In Berlin to try to secure Germany’s assent for a Greece bailout deal, IMF boss Dominique Strauss-Kahn said earlier today that we “shouldn’t believe too much in what rating agencies say.”
One has to agree – on a number of levels. Over the past decade, Moody’s, Standard & Poor’s and Fitch have proved time and again they can be fallible – and late – in identifying all manner of credit vulnerabilities.
Moreover, during the Greek crisis, the rating agencies have become prime actors rather than arbiters – issuing downgrades and decisions that principally shape markets’ direction (in a fairly brutal way) rather than enlighten and inform.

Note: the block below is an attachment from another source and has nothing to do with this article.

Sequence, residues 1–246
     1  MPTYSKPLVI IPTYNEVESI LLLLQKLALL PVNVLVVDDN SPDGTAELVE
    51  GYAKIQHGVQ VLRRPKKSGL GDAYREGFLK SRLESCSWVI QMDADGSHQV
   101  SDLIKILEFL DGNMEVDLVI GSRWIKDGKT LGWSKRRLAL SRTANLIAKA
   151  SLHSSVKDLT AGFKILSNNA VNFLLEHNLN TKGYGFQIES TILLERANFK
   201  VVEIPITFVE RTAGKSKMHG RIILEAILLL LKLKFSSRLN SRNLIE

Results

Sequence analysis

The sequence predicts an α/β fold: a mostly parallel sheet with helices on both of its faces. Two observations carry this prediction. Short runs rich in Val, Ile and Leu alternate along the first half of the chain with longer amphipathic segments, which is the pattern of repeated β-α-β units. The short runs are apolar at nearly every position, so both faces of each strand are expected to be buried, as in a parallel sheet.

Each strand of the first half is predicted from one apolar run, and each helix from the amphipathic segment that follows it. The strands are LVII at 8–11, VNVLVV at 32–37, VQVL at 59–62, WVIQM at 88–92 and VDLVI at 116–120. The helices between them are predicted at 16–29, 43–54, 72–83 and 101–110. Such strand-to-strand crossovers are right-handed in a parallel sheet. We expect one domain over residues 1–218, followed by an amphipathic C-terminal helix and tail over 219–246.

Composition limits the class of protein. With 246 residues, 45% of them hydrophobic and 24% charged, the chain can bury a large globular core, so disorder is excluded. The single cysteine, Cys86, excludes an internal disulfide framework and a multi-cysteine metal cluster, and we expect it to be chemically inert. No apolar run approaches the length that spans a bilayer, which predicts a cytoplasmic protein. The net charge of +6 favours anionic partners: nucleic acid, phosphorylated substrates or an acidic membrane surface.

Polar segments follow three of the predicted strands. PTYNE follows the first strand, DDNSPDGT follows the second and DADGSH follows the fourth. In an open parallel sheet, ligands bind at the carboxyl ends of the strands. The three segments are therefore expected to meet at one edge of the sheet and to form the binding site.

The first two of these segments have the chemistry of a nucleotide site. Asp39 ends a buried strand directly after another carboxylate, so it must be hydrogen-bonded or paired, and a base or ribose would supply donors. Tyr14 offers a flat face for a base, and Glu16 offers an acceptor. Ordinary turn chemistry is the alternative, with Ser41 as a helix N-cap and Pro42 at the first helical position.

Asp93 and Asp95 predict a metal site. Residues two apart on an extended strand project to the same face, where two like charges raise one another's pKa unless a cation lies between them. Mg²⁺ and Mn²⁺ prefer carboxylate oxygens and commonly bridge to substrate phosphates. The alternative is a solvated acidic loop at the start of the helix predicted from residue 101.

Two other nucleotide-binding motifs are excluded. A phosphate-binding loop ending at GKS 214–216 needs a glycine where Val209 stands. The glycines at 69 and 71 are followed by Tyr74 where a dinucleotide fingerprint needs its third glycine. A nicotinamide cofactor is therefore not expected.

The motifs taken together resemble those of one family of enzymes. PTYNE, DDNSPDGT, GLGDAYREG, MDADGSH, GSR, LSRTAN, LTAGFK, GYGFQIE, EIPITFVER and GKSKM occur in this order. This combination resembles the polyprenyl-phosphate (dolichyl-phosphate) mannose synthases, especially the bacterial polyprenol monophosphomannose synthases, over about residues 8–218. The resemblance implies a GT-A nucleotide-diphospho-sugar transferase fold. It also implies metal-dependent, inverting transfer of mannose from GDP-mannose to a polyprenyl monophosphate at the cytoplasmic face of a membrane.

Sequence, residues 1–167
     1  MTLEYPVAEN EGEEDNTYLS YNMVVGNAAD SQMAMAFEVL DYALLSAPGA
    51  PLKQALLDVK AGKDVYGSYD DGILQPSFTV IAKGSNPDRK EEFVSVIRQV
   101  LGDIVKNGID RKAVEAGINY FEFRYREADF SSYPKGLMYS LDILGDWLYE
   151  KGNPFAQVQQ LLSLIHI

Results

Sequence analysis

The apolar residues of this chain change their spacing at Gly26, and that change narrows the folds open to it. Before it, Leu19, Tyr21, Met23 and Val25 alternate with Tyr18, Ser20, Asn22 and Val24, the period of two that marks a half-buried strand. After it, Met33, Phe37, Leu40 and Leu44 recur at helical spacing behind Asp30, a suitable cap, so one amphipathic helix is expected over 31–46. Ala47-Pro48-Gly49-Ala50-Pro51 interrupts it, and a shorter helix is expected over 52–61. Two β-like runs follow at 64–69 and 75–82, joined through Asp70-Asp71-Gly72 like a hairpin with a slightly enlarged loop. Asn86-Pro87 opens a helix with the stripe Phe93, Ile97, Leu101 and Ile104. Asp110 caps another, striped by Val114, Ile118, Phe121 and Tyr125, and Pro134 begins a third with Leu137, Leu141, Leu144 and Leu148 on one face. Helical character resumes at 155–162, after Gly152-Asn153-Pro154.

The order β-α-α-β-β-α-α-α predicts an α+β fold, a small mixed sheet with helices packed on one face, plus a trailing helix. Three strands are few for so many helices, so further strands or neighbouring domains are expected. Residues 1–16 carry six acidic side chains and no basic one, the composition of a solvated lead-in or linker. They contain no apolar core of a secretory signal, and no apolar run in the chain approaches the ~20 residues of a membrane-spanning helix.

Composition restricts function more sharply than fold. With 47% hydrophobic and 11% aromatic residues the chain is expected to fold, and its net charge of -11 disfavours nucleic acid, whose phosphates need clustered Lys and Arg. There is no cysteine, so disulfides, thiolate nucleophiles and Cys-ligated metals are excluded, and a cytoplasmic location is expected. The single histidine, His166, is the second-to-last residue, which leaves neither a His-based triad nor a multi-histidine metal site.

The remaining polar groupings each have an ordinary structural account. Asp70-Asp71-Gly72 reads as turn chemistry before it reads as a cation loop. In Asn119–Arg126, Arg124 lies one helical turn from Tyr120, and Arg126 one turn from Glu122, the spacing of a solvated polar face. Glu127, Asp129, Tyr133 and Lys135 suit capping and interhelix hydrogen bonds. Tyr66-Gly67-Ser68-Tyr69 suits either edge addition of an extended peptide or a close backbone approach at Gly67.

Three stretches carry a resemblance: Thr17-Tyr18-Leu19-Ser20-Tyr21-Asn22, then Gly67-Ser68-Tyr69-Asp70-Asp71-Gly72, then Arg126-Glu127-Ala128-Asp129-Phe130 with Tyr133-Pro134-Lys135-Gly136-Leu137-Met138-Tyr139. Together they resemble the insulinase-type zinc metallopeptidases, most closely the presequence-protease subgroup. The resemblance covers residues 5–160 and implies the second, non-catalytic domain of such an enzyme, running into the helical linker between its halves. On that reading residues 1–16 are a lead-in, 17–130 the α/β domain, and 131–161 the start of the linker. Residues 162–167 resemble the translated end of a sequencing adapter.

DSK may in fact hold rating agency industry in contempt. But today what he’s really trying to do is calm markets. The rating agency downgrades – of Greece, Portugal and Spain – over the past two days have pushed the euro down significantly and spurred stock market selloffs around the world.